Genus name refers to the four teeth of the peristome. Species name refers to the transparent leaves (when wet).
With diligence, it is possible to find tiny, rounded, leaf like flaps growing on the shaded, rotten-wood habitat of Tetraphis; these structures precede the appearance of the leafy shoots. They are clearly visible with a 10X hand lens but can be
The gemma-cup bearing shoots, the four unjointed peristome teeth and the usual habitat on well decomposed, but friable wood are useful characters.
Forming short, dense to loose, dark to pale green turfs of erect, unbranched plants.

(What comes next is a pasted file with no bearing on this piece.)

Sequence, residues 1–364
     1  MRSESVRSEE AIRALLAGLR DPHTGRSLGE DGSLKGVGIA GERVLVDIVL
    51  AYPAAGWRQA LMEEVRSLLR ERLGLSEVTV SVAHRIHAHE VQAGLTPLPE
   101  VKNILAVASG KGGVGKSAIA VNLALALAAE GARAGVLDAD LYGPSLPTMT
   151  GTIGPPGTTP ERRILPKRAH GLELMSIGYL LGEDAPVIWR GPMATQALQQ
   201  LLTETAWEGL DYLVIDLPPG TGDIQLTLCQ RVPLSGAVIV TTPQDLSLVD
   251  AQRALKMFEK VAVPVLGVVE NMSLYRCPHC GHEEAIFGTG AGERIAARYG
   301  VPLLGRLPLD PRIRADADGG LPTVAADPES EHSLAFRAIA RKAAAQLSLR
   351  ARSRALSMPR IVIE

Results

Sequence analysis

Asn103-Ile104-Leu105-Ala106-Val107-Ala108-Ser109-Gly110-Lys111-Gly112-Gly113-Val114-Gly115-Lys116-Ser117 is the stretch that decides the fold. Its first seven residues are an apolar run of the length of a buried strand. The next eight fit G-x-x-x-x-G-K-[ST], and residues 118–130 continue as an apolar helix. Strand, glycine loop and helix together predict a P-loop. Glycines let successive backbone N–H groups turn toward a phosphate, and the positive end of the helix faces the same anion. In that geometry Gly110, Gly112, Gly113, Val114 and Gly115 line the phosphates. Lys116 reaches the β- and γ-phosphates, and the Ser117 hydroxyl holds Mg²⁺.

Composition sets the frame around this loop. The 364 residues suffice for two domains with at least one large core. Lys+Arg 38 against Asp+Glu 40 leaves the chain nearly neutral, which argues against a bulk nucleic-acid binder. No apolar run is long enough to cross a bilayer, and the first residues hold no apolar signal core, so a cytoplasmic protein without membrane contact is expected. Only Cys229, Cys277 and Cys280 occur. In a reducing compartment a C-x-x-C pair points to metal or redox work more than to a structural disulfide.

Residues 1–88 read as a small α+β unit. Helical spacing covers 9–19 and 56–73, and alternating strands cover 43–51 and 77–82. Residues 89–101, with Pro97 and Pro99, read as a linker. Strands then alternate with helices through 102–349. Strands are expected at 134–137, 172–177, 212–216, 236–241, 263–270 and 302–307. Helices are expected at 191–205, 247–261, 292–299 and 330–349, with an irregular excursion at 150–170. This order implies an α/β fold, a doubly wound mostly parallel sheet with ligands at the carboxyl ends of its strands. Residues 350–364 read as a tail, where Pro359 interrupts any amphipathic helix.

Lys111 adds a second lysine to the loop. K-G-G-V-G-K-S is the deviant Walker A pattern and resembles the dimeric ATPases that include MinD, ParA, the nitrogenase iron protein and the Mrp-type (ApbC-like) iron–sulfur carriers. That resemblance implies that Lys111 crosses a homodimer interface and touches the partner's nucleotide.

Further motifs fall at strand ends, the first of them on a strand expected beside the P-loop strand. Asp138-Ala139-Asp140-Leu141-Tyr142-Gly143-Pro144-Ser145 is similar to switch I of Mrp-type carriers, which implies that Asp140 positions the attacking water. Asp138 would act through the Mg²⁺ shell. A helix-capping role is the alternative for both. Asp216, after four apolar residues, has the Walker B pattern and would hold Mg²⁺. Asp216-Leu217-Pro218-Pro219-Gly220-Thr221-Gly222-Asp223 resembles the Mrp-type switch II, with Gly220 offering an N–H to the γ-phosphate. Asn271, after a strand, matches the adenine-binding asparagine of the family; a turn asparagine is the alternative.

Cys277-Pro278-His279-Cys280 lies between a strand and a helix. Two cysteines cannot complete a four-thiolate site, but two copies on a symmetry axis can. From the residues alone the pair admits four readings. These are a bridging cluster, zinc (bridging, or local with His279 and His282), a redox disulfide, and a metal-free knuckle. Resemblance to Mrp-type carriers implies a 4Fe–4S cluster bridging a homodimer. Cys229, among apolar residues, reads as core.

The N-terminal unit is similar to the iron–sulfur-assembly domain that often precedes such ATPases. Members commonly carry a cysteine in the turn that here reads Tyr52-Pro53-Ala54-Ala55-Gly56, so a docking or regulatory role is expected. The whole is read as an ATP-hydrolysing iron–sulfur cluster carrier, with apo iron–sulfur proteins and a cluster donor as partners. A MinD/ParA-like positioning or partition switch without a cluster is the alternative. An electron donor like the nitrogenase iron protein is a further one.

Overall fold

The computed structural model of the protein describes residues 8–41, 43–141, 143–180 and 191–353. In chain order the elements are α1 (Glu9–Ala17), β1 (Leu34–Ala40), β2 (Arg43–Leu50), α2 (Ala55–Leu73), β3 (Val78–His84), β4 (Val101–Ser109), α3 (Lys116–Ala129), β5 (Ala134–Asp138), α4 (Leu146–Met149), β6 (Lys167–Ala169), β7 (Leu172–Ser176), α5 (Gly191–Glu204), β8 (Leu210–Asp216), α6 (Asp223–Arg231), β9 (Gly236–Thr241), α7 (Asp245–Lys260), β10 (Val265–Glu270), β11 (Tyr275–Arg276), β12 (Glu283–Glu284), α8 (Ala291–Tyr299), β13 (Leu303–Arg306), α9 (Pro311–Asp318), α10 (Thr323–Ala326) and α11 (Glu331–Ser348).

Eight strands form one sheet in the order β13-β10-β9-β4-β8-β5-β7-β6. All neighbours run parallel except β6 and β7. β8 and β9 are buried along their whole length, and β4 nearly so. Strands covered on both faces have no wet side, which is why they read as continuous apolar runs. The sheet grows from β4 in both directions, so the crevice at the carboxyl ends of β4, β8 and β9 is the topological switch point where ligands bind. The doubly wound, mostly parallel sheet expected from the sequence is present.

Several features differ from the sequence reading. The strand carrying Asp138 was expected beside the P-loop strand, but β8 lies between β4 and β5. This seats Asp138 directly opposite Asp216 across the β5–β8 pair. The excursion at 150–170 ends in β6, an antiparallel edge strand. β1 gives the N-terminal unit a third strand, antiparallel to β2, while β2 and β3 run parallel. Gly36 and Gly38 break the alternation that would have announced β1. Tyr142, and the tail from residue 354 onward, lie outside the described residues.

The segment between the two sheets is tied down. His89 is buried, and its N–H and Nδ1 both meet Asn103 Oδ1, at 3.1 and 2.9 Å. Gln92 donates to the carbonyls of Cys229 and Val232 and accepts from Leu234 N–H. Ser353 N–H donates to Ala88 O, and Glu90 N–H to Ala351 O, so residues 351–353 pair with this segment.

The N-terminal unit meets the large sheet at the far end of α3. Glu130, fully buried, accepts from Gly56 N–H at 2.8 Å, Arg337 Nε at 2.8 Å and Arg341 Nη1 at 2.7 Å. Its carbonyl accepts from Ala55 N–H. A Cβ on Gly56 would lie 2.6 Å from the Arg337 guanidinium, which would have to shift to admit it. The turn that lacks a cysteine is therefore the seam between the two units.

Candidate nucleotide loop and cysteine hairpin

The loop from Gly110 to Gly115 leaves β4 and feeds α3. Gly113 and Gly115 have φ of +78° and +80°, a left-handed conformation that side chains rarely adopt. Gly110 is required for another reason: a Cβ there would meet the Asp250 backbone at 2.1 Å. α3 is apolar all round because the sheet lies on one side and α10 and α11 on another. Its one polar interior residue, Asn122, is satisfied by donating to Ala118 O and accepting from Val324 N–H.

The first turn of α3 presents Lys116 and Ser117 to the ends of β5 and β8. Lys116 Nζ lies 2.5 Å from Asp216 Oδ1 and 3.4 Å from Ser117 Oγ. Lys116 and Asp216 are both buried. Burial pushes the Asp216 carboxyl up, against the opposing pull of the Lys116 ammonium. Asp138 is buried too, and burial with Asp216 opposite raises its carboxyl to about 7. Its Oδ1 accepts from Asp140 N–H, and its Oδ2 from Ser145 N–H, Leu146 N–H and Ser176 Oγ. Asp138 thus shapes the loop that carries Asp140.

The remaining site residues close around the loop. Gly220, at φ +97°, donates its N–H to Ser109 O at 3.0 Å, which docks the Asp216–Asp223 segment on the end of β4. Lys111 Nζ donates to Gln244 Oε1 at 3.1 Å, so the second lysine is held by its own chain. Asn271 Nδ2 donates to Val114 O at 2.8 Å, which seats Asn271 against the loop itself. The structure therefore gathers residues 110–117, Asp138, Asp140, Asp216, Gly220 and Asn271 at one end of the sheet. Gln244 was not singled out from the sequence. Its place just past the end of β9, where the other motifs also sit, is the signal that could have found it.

T. geniculata is very similar but the seta has a sharp, angular bend in the middle. Aulacomnium androgynum grows in similar, but usually drier, sites and produces gemma-bearing shoots which are terminated by a sphere of gemmae that are not enclosed in a "cup" of leaves; sporophytes of Aulacomnium are grooved and have many jointed peristome teeth.
If more than one illustration is available for a species (e.g., separate illustrations were provided for two subspecies) then links to the separate images will be provided below. Note that individual subspecies or varietal illustrations are not always available.
Illustration Source: Some Common Mosses of BC
|Scientific Name||Origin Status||Provincial Status||BC List|
(Red Blue List)
|Tetraphis pellucida||Native||S4S5||Yellow||Not Listed|
|Tetraphis pellucida var. pellucida||SNR||Not Reviewed||Not Listed|
|Tetraphis pellucida var. trachypoda||SNR||Not Reviewed||Not Listed|